Chess problem scene in ‘The Queen’s Gambit’

30 Oct. 2020 | by Peter Wong

‘The Queen’s Gambit’ is a new TV mini-series (produced by Netflix) in which chess plays a central role. Based on the 1983 novel by Walter Tevis, it’s a coming-of-age story about an orphaned girl named Beth Harmon, who struggled with substance addiction while growing up in the sixties, but discovered in herself an extraordinary gift for the game that’s life-changing. The 7-episode series follows her rise through the ranks as she competed in various tournaments, first in the U.S. and then on the international stage against some of the world’s best players.

I enjoyed the show tremendously, despite my misgivings as a problemist (see below). It’s beautifully shot, with an authentic sixties-look and many sumptuous chess tournament scenes. Anya Taylor-Joy, who stars as Beth, exudes screen presence and her captivating performance has earned high praise from critics, so much so that an Emmy nomination seems possible. The technical details of chess depicted are more-or-less realistic, and where they are not (e.g. the overuse of toppling a king to signal resignation), their implausibility may be forgiven as artistic licence taken. Actual goofs are few and far between, apparently because Kasparov and Pandolfini worked as consultants. It’s surprising how much chess jargon is allowed in the dialogue, for a TV drama intended for the mass audience.

Another surprise for me was how the series includes a chess problem scene from the book (which I read decades ago). Here’s the clip in question which I have uploaded to YouTube. Beth is introduced to a “problem freak” named Hilton who immediately challenged her to solve a mate-in-3 composition. If you wish to attempt this problem yourself, skip to the diagram below because the video gives away the solution.

Did you notice the chess goof in this scene? When Hilton sits down and asks if he could mess up the position to set up the problem, the board seen from a distance contains five pieces. But even before he touches anything, four of these pieces are miraculously placed exactly where they need to be!

Below is the passage from the novel describing the same scene. The screen adaptation in this instance is remarkably faithful, including some word-for-word copying of the dialogue. The actual chess problem used is obviously different, however.

Beth’s disinterest in composed problems is for me the only regrettable aspect of the show and its source material. The objection that problems are not relevant because of their “unnatural” positions betrays a misunderstanding shared by many players (one which I try to remedy in What is a Chess Problem?). I have little doubt that the late author Walter Tevis, a Class-C player, was expressing his own views through his protagonist.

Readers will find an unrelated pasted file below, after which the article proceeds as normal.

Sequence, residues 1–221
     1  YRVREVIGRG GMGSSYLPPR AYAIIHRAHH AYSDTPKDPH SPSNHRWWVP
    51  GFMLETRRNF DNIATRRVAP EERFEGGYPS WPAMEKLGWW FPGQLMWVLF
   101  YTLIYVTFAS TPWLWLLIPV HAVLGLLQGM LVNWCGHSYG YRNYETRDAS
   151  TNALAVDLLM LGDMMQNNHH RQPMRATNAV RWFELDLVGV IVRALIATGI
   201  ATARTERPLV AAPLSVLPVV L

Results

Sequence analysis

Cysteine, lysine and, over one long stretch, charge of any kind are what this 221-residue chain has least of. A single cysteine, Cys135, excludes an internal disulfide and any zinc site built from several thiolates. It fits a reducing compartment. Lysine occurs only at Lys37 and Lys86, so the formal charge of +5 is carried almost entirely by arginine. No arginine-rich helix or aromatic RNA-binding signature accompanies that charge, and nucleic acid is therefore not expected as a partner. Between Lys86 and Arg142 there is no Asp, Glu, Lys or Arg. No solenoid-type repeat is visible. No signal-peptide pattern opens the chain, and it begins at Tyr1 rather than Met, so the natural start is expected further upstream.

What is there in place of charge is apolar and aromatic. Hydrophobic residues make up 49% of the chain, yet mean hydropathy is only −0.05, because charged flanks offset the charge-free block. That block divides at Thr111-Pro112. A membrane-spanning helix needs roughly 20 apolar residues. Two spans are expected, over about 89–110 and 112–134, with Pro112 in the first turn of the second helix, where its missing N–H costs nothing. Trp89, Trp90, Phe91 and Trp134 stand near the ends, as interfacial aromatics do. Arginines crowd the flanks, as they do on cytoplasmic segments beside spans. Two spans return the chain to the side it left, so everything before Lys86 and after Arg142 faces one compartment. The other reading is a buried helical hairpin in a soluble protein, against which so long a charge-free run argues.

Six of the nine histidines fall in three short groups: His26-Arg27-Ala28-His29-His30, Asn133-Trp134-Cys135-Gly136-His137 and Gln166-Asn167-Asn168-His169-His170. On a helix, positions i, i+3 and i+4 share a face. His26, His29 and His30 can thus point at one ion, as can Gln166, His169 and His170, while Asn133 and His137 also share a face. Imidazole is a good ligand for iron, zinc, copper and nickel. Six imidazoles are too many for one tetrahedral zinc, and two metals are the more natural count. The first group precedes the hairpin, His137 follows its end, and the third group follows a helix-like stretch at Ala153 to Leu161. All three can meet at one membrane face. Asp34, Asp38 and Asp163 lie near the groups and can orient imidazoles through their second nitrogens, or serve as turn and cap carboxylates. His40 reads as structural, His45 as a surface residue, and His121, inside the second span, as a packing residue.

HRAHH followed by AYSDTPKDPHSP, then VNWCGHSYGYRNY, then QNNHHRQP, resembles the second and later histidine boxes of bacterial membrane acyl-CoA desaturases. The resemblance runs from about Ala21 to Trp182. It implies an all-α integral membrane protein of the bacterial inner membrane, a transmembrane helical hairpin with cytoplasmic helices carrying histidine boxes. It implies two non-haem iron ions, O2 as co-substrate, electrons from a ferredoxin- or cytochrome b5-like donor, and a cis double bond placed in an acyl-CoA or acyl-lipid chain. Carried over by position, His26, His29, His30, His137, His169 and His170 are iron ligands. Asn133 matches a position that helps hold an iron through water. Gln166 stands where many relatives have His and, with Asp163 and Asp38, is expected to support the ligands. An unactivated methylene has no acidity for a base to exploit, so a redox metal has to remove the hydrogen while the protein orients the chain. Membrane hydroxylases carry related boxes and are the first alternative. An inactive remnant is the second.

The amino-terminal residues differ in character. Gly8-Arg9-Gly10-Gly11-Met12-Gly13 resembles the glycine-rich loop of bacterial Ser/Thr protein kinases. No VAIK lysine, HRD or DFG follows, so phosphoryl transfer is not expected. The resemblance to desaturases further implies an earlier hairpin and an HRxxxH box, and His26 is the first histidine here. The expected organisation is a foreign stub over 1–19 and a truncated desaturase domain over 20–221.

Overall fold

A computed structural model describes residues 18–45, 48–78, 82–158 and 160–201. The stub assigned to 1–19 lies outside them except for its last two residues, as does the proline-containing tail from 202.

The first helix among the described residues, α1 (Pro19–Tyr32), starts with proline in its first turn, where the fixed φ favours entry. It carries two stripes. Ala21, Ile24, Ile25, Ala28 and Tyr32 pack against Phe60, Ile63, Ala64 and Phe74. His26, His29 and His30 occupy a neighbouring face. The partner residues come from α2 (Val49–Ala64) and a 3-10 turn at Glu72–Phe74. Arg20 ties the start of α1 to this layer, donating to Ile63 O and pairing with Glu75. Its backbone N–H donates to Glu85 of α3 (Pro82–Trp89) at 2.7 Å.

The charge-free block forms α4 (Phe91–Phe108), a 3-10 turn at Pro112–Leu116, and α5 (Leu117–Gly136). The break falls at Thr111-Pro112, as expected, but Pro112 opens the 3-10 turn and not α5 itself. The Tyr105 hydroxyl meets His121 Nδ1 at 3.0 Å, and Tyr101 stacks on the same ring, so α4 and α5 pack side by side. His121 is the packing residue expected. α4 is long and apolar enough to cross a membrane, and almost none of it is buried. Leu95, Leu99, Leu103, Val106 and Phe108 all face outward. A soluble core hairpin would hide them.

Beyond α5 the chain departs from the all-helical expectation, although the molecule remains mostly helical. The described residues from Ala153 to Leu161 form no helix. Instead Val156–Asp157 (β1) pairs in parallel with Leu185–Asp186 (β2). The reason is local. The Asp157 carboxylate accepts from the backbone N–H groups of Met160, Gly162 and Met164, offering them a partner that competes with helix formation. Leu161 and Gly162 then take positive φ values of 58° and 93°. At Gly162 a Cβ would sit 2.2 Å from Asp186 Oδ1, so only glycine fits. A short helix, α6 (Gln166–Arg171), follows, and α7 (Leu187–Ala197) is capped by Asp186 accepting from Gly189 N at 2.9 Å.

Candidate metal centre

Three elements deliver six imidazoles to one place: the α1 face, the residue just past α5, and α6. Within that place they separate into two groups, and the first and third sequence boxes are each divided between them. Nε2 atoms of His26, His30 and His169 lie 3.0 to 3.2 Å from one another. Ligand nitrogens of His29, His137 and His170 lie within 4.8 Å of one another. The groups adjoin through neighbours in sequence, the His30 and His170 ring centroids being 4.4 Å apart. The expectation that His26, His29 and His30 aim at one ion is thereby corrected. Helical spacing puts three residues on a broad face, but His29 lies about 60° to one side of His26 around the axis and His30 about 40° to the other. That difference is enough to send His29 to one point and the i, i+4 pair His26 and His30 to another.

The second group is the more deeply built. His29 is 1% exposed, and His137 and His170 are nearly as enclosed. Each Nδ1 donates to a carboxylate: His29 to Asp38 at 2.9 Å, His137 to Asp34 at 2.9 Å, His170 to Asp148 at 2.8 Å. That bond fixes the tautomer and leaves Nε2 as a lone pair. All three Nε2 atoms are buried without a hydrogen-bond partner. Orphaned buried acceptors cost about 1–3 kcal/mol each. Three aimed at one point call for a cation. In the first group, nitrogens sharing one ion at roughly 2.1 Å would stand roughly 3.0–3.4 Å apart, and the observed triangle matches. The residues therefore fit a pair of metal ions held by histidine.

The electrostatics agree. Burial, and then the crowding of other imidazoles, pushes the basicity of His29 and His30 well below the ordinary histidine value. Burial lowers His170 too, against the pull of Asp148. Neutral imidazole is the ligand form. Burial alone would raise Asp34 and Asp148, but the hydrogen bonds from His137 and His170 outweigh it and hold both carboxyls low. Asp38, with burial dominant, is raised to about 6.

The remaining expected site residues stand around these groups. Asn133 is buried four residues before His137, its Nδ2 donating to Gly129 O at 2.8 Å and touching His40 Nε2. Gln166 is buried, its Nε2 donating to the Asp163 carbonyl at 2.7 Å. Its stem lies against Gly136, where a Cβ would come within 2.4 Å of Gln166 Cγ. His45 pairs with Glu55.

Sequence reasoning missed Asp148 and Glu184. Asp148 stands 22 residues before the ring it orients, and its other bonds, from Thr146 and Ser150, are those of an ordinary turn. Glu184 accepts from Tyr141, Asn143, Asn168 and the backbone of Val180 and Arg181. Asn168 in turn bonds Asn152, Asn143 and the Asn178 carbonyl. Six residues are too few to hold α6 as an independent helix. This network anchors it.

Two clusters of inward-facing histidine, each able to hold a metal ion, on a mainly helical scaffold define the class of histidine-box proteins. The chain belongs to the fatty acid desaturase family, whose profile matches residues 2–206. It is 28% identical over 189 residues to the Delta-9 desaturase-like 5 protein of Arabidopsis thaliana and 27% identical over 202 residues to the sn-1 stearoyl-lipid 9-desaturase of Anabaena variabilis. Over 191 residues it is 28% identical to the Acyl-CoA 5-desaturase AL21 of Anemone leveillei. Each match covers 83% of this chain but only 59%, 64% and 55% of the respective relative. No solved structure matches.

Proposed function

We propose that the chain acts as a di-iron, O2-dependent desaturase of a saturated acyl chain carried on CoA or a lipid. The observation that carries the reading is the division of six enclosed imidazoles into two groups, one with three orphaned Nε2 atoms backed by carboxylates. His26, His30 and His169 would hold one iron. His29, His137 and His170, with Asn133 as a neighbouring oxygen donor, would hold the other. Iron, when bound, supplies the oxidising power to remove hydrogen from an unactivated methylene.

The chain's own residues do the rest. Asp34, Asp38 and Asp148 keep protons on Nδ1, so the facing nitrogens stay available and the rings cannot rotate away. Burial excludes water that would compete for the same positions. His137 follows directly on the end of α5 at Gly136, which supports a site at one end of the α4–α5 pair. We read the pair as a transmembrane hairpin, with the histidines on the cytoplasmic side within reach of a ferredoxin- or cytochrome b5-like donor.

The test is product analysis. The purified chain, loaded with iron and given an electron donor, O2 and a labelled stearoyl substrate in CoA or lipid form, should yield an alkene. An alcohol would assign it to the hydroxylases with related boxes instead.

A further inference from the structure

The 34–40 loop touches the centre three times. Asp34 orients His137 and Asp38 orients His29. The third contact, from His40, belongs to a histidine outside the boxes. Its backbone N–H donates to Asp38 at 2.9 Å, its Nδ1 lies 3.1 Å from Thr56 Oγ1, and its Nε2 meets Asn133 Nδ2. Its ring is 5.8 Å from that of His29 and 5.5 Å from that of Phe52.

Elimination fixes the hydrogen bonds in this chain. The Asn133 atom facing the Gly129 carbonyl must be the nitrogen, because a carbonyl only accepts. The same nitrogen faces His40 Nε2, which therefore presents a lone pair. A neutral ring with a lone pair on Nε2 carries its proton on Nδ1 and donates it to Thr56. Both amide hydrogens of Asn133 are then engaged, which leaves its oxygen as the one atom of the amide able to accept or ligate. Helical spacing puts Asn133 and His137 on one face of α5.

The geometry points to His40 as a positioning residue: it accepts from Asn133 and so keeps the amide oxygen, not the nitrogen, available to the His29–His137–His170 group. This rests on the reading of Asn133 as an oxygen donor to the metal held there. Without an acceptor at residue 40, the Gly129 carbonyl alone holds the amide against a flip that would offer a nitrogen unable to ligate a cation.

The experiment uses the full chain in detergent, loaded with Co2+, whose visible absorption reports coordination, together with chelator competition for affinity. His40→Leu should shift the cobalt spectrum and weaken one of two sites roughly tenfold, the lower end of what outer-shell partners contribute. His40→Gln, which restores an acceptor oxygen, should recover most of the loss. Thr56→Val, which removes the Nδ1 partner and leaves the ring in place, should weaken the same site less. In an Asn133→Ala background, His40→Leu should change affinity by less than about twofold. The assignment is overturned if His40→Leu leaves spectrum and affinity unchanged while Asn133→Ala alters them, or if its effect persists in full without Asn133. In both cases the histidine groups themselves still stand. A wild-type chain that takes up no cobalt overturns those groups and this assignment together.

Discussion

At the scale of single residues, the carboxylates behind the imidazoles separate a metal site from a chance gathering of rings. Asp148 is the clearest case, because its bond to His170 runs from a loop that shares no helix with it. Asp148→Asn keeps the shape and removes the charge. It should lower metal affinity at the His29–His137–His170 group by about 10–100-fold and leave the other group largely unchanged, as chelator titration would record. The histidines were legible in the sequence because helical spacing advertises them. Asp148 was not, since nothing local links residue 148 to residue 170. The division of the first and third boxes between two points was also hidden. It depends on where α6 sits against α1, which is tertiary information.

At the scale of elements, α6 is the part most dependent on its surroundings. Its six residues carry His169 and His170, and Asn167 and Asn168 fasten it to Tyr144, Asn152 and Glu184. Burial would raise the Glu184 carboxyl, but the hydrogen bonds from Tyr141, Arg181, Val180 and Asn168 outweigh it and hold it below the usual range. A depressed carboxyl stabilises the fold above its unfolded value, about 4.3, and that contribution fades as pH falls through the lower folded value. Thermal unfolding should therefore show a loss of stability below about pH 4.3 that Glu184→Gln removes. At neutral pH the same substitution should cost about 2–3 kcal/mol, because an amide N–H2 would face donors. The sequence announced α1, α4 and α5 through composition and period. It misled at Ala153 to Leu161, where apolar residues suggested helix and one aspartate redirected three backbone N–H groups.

A screenshot from ‘The Queen’s Gambit’ showing the mate-in-3 position, from Black’s side.

Now to the three-move problem itself. It was composed by a little-known Canadian, William Atkinson (1835-1887), and published posthumously in a book collection, Canadian Chess Problems (1890) by Charles F. Stubbs. The book, viewable on Google Books, contains 25 works by the problemist, with this three-mover appearing on page 17. According to a brief obituary note quoted on Chessgames.com, he was also a practical chess player and a pianist.

William Atkinson
Canadian Chess Problems 1890

Mate in 3

Black has only two legal moves initially, 1…Kg7 and 1…Bg7. The latter obstructs the king and shouldn’t be hard to deal with, but after the former, the black king will have three further diagonal moves from g7. Particularly, 2…Kh6 leaves the king trapped except for its flight back to g7, and this configuration suggests that White’s spare b7-knight will mate on f5. Hence the key 1.Kd7! (waiting) which vacates d6 while still constraining the enemy king. 1…Kg7 2.Sd6 Kh6 3.Sxf5. The knight on d6 is also well-placed for handling the other two diagonal flights: 2…Kf6 3.Se8 and 2…Kf8 3.Se6. After 1…Bg7 2.Sd6, there’s no defence against 3.Se8. A pleasant mix of mates, but by no means an exceptional composition. The choice of this problem to be featured in the series seems pretty random, though such a light and uncomplicated position makes it more believable that Beth could solve it in seconds. In any case, its appearance on a popular TV show should make this the most viewed of all composed problems.